A week after the death of former Zappos CEO Tony Hsieh, we finally have more details about how the beloved businessman died. Information has been released about his cause of death, as well as other aspects surrounding the death of the shoe magnate millionaire. We will be providing updates as more information becomes available.
Updated 12/10/20 10:15AM
Tony Hospitalized For Erratic Behavior Before Death
Details are slowly trickling to the surface now about how Hsieh spent his final months on earth. Jewel wasn’t the only friend worried about Hsieh’s increasingly erratic behavior, and it has now been reported that the business mogul was hospitalized for his worrying behavior just months before he died.
Hsieh’s friends called 911 at least twice in the months before he died. The New York Post reports that Hsieh’s behavior was so bad that friends warned authorities against letting him go free. “On June 30, an anonymous male friend called 911 to say that Hsieh was smashing things in his home and threatening to hurt himself, the report said.
The call logs show that it was treated as a psychiatric incident, and emergency services took the eccentric mogul to a hospital after making contact with him on the patio of his candle-covered $16 million mansion.
Later that night, another anonymous friend called 911 to ‘make sure the hospital staff understand the situation fully’ and know that Hsieh needed urgent help.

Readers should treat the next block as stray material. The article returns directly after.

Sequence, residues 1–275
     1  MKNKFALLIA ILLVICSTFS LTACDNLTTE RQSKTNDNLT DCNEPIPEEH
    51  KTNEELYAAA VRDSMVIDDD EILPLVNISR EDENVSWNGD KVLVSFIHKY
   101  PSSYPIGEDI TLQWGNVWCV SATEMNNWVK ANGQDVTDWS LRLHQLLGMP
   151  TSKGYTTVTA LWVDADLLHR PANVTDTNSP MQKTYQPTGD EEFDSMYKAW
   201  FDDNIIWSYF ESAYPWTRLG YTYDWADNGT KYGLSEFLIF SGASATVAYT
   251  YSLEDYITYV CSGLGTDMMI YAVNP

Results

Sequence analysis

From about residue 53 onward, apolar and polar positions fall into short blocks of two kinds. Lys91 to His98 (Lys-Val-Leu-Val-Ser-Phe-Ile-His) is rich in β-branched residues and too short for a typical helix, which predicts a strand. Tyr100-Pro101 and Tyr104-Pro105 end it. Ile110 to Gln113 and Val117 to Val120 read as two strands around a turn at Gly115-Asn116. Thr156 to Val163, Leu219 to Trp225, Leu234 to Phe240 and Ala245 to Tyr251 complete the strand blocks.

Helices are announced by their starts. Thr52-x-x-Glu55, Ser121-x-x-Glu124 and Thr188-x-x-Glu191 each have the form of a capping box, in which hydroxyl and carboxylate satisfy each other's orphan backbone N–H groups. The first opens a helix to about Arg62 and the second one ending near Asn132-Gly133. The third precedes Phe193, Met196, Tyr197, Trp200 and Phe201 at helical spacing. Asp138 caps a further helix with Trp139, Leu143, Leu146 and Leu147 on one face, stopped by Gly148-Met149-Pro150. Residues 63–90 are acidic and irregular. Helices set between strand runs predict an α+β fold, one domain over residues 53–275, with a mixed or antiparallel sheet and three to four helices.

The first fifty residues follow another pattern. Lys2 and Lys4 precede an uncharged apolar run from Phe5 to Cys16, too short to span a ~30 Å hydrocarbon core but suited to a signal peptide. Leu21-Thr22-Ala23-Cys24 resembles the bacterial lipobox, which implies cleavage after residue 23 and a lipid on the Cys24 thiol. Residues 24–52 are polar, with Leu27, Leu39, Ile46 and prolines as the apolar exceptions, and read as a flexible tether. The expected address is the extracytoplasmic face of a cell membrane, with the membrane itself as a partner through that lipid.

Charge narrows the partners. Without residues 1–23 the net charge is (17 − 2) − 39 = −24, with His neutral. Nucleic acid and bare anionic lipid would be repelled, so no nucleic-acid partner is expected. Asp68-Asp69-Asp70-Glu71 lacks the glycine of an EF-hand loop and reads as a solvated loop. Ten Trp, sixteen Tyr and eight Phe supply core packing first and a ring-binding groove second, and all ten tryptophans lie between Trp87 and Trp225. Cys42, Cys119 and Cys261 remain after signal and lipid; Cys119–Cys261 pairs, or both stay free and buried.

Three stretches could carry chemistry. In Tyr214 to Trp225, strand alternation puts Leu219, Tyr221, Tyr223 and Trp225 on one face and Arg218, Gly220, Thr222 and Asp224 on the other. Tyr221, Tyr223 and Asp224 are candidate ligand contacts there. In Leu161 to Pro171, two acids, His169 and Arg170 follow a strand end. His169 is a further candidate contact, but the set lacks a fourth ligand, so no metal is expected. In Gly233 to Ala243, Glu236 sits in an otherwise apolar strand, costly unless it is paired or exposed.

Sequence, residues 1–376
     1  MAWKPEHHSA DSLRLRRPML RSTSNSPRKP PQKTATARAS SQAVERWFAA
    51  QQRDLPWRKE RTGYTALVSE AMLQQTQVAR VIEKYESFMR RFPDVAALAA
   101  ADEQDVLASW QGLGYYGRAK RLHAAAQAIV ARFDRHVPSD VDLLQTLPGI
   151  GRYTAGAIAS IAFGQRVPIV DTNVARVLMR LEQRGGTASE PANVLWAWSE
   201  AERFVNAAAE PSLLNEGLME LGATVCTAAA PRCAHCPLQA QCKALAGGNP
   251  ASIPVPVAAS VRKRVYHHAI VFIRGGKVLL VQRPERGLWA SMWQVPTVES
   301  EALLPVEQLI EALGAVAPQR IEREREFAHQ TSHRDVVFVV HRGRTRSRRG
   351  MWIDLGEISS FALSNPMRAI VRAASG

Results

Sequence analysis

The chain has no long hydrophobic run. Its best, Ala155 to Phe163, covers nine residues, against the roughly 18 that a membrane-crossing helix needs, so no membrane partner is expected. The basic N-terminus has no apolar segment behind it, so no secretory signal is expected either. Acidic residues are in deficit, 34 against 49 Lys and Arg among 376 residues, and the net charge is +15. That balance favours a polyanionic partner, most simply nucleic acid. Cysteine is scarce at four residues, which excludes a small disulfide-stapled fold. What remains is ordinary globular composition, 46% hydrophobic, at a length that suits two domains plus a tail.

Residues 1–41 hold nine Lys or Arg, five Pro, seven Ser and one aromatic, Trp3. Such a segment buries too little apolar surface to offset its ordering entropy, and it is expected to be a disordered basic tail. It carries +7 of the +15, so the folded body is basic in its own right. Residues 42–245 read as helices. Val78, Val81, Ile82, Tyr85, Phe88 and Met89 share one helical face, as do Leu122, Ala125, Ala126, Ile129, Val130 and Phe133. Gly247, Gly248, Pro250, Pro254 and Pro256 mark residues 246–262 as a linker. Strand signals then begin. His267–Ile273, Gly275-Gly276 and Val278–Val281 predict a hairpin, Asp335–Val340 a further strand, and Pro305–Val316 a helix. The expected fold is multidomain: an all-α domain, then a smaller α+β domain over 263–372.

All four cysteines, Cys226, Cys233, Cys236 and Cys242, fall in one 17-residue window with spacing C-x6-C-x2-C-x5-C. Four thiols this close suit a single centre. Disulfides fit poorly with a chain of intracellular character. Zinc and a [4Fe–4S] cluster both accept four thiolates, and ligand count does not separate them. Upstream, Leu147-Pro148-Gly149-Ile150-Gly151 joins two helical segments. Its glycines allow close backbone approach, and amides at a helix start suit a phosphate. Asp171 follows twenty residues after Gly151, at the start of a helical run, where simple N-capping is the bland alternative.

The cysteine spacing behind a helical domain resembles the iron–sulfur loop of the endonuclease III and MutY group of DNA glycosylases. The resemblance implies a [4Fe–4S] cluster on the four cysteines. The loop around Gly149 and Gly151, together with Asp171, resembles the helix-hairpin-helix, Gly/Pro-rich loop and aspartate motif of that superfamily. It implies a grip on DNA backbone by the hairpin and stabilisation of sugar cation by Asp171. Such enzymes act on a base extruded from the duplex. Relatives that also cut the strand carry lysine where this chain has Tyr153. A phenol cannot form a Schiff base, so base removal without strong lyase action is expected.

‘If he gets released it will be a problem,’ the dispatcher wrote, according to the outlet.”
On August 14th, another anonymous male friend called 911 to let them know that he had a high-profile friend who was behaving in a paranoid behavior, and who was indulging in nitrous oxide to the point that those around him were concerned for his safety. Someone who claimed to be a relative of Hsieh was contacted by authorities checking on his welfare, and they told police that everything was fine.
Hsieh Went on Property-Buying Spree, ‘Saved Park City’ During Pandemic
When Hsieh moved to Park City, Utah, he said it was with the intent of bringing art and advancement to the city. Now people are sharing stories of Hsieh’s generosity – and the way that he was single-handedly pouring millions into the local economy, saving many businesses during the downturn of the pandemic.
Through a company he called “Pickled Investments” – a nod to his love affair with Grey Goose – Hsieh bought over $50 million worth of local property in Park City. It included a mansion, a series of condos, and other residences.
Hsieh also poured money into local restaurants just as they were hurting the worst from the pandemic shutdowns. The former Zappos CEO gave several restaurants $10,000 each as down payments on food he and friends would be eating there in the future.
At the same time he was saving local businesses and scooping up real estate, Hsieh’s drug use expanded into mushrooms and ecstasy, and some neighbors grew concerned over his fire-centric parties. One complaint detailed flamethrowers spewing fire 25 feet or more into the air, “like dragon’s breath.”
Per the New York Post, “‘Things were falling apart for him,’ Philip Plastina, the founder of an electronic dance music group that moved to Utah to perform at Hsieh’s parties, told the paper.
Hsieh appeared to be ‘the leader’ of ‘a group of people that had said they were moving to Park City because of Tony,’ [local real estate broker Paul] Benson said.